The invisibility timeout is implemented in the various language SDK implementations as well. Since you're working with C#, here's what the AddMessage() call would look like. Note the 3rd parameter of AddMessage()specifies the invisibility timeout:

        var acct = CloudStorageAccount.DevelopmentStorageAccount;
        var queueClient = acct.CreateCloudQueueClient();
        var queue = queueClient.GetQueueReference("myqueue");

        var msg = new CloudQueueMessage("test message");
        queue.AddMessage(msg, TimeSpan.FromHours(2), TimeSpan.FromMinutes(30));
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So to start with we'll need an implementation of a Priority Queue. Here's one I wrote a short while ago. It's probably not ideal; it has a tiny API, and it could probably perform better, but it's a sufficient starting place:

public class PriorityQueue<TPriority, TElement>
    SortedDictionary<TPriority, Queue<TElement>> dictionary = new SortedDictionary<TPriority, Queue<TElement>>();
    public PriorityQueue()

    public Tuple<TPriority, TElement> Peek()
        var firstPair = dictionary.First();
        return Tuple.Create(firstPair.Key, firstPair.Value.First());

    public TElement Pop()
        var firstPair = dictionary.First();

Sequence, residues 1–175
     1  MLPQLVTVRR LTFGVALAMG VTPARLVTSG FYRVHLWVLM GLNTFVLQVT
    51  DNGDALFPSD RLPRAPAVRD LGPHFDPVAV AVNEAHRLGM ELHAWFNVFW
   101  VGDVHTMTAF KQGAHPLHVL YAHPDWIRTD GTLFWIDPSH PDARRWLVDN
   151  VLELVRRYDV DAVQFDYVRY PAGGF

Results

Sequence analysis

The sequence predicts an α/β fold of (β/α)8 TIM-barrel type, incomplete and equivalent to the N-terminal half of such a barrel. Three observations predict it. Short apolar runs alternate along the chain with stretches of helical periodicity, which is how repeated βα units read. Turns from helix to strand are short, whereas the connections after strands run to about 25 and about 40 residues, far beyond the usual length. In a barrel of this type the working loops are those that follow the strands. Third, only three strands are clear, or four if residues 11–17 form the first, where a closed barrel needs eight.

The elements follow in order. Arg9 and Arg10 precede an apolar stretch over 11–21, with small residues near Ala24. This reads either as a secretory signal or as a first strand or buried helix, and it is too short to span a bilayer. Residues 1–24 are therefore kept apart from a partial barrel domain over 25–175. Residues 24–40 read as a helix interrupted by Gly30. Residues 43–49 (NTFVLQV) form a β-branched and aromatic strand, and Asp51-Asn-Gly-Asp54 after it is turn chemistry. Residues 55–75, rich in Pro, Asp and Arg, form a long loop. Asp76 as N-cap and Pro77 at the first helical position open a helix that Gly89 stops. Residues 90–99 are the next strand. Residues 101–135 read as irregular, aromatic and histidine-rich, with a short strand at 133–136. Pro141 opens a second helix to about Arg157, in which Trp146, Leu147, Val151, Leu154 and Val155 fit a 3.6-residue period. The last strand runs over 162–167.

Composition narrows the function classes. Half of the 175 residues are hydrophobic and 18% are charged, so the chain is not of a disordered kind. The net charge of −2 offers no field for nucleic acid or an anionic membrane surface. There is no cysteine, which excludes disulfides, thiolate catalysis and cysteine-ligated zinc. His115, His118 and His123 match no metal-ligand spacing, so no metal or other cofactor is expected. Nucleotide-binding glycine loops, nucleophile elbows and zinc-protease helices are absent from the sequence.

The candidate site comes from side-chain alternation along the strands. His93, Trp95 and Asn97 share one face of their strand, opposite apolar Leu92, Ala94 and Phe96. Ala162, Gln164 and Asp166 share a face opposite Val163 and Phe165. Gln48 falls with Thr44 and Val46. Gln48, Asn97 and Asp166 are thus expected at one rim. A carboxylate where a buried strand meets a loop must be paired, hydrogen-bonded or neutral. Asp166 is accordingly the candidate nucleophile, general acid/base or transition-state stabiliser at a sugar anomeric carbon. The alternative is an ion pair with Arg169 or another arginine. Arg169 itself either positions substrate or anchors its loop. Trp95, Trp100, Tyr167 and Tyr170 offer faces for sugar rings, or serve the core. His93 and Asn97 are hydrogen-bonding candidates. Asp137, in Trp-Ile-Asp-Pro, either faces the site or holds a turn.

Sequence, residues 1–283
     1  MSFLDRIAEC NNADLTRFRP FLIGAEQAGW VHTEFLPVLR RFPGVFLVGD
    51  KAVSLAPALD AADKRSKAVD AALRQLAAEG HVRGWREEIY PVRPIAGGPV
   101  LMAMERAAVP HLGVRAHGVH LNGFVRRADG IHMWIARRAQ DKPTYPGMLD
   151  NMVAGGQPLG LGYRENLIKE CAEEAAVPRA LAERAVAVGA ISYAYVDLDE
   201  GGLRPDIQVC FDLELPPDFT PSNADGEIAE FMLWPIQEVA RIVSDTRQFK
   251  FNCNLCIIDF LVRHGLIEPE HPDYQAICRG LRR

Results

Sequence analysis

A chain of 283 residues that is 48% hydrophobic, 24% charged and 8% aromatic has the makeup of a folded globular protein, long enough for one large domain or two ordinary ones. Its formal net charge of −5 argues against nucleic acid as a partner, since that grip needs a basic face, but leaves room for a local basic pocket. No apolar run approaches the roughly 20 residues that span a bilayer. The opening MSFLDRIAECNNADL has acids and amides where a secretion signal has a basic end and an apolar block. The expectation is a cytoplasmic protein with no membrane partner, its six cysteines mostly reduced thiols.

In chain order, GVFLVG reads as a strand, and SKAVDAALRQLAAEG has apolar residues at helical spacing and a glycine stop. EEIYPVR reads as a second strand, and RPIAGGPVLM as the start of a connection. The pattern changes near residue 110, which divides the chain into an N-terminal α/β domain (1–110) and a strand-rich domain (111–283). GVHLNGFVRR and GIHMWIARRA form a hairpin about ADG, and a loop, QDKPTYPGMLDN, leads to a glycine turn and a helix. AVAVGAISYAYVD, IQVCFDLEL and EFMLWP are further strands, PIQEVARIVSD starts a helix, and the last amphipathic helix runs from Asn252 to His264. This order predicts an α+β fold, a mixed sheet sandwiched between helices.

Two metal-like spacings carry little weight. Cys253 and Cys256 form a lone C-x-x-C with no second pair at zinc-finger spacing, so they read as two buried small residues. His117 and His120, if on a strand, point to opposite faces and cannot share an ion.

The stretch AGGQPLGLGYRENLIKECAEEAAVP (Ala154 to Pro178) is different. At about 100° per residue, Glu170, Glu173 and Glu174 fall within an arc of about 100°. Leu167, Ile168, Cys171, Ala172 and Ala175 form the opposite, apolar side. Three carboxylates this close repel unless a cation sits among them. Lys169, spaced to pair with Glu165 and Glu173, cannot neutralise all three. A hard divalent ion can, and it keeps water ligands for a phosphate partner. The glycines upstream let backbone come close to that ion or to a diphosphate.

TElement output = firstPair.Value.Dequeue();

        if (!firstPair.Value.Any())

        return output;

    public void Push(TPriority priority, TElement element)
        Queue<TElement> queue;
        if (dictionary.TryGetValue(priority, out queue))
            var newQueue = new Queue<TElement>();
            dictionary.Add(priority, newQueue);

A delay queue is simple enough when wrapping that:

public class DelayQueue<T>
    private PriorityQueue<DateTime, T> queue = new PriorityQueue<DateTime, T>();
    public void Enqueue(T item, int delay)
        queue.Push(DateTime.Now.AddMilliseconds(delay), item);

    public T Dequeue()
        if (queue.Peek().Item1 > DateTime.Now)
            return queue.Pop();
            return default(T);
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How about you build a queue with a two-step process to dequeue items. Here is the high level process:

  • Dequeue the first item in the FIFO queue; set its invisibility to N minutes (whatever you decide the invisibility should be) - this allows you to make the item invisible for a period of time, as if it didn't exist in the queue. Here is the NextVisibleTime property I am referring to.

  • Check the DequeueCount property - if the dequeue count is 0, it was the first time this item was dequeded. Ignore the item and move on. Since its invisibility was set, it won't be fetched again until it's time. If the dequeue count is 1 or greater, it was dequeued once and must have been set invisible for the desired amount of time.

This should allow you to implement a delayed queue. I can think of other methods as well. For example each item in the queue as a Creation Time; this can be used to calculate dynamically how long an item needs to remain invisible. To change the invisibility of a property, check this method: